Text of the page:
I was thumbing through a notebook just now and saw a note that reminded me of this song.
Back in February, a social media friend lamented that no one had ever written a song for her, so I did. One of her points was that her name is not pronounced in the typical fashion claw-deen. So I tried to pronounce it the way I thought it was pronounced based on what I’d seen. And I think I did it completely wrong. I think, now, that the first syllable is pronounced “cloh” (rhymes with low). But I somehow got it into my dumb head that it was “clow” (rhymes with cow).
So on the plus side, I wrote her a song. On the way big minus side, I — like every other casual acquaintance in her life — screwed up the pronunciation of her name.
(Also I asked my son to hold the camera when I shot this, so, it’s not as steady as your average viewer might like.)
For a few years now, I’ve been using an app called Happier, and it’s actually helped make me, well, happier. I wrote about Happier on my old blog (and again here) and I am such a fan that a few years ago I wrote a song about it. Eventually, I turned it into a video by soliciting pictures from some of my Happier friends. I am, of course, biased, but I really love the song.
I wrote it, sang it, and played the ukulele on it. My brother, Cash Shurley, produced it. I’m really proud of it.
The piece was published in the June 2017 issue (subscription required to read the full article). Here are a couple of excerpts.
In the role of journalist, I know I should be strictly impartial, but I’ll admit right up front that I can’t stop listening to the music from the classic television series Wonder Woman. There’s just something about La-La Land Records’ recent 3-CD set that hits everything I love about soundtracks—catchy riffs, clever rhythms and a heavy dose of nostalgia.
I recently spoke to producer Neil S. Bulk about putting together the collection and discovered another good reason for me to love the set: There was one track that Bulk included with specifically me in mind!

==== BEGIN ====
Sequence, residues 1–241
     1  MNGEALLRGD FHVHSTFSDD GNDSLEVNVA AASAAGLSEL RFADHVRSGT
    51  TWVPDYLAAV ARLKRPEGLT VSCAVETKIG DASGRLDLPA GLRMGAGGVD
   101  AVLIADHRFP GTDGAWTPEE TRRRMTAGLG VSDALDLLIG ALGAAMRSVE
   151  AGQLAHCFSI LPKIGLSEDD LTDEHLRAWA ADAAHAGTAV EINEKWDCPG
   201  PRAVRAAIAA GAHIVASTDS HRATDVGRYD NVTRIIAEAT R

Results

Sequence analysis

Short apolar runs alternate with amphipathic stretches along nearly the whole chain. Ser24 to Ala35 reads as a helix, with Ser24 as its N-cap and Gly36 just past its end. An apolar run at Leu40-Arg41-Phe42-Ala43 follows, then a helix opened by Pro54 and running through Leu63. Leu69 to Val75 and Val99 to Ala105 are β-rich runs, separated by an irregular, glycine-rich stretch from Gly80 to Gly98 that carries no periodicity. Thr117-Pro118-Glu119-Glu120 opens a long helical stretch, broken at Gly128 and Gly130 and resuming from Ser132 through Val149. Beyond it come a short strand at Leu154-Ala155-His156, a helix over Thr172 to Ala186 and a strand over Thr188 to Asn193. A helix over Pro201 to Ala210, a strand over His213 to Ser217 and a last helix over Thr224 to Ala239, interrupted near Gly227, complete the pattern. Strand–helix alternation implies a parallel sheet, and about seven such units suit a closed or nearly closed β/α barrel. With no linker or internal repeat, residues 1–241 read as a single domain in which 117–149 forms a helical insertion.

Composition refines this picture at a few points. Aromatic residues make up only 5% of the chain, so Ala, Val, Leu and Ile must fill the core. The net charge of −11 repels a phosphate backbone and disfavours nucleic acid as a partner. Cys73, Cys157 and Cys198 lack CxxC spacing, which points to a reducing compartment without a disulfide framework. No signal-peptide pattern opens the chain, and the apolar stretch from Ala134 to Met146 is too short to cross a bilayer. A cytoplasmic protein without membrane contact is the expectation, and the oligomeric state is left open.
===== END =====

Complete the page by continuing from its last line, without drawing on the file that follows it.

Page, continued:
Neil Shurley: How did you get involved with this project?
Neil S. Bulk: This was just a La-La Land assignment. I’d been watching the show. I hadn’t watched it in many years—I grew up with the reruns—but it sort of faded away for a while and I rediscovered it on MeTV. And so I was watching it, and as I was watching it, I was sort of paying attention to the music. I think I started watching on MeTV when it was on season three, and I thought—because you just sort of file things in the back of your mind—“Oh, this is Angela Morley. Oh, there’s a blaster beam. If this ever happens, I’d love to be part of it.” So when they asked me, I said, great, and then I sort of knew in what direction I wanted to go. Their initial want list, which I agreed with, was that it would be three CDs, a disc per season. And then we started searching Warner Bros. and discovering that we couldn’t find much from season one. We scoured the entire inventory and turned up nothing, just the pilot, which we couldn’t even find right away. I was going through the inventory and went, “Oh, wait a minute—what are these nine reels right here?” We called them in and it was the pilot score, so we did find that. And that’s how it all started.
NS: But you couldn’t ever find anything else from season one.
NSB: No, we couldn’t.
NS: Does it feel like there’s a lot missing, that there was a lot of good stuff you were hoping to get to while you were watching?
NSB: It’s been a while now, I’d have to look back at my notes for that. It would have been nice to have some of the World War II stuff on there, because it’s an important part, but we do have the pilot, which was critical.
One of the first podcasts I discovered, many years ago now, was This Week in Science. Originating from UC Davis, the radio show/podcast features Dr. Kiki and Justin Jackson delivering science news and opinion in a fun, freewheeling, conversational style. I always enjoyed listening to it and hearing the latest news of World Robot Domination and mind-controlling toxoplasma gondii and Justin’s weekly Disclaimers and their signature sign off – “Remember, if you learned anything from today’s show, it’s all in your head.”
For a couple of years, TWiS put together CDs of original science-themed music to act as a fund raiser. The last one they did featured the World Robot Domination song I wrote (and my brother performed and produced). The year before that, I contributed another song, again one I wrote and my brother produced and performed. It was intended to be a Theme Song for This Week in Science and the hosts began playing it at the close of every episode, which made me very proud.
It was inspired by Dr. Kiki’s mention on the show that they didn’t have an original theme song. So I decided to write one. The lyrics and tune came to me pretty quickly. I sketched it out then sang it, a cappella, to my brother, who ran with it and made it one hundred percent more awesome.
I still REALLY like the song. I think it’s fun to listen to and features lyrics that will mostly reward other long time TWiS listeners.
Here it is. I hope you enjoy it.
Here’s my own personal disclaimer. As I wrote it, I heard Danny Elfman singing it in my head and the mighty horns and percussion and guitars of Oingo Boingo performing it.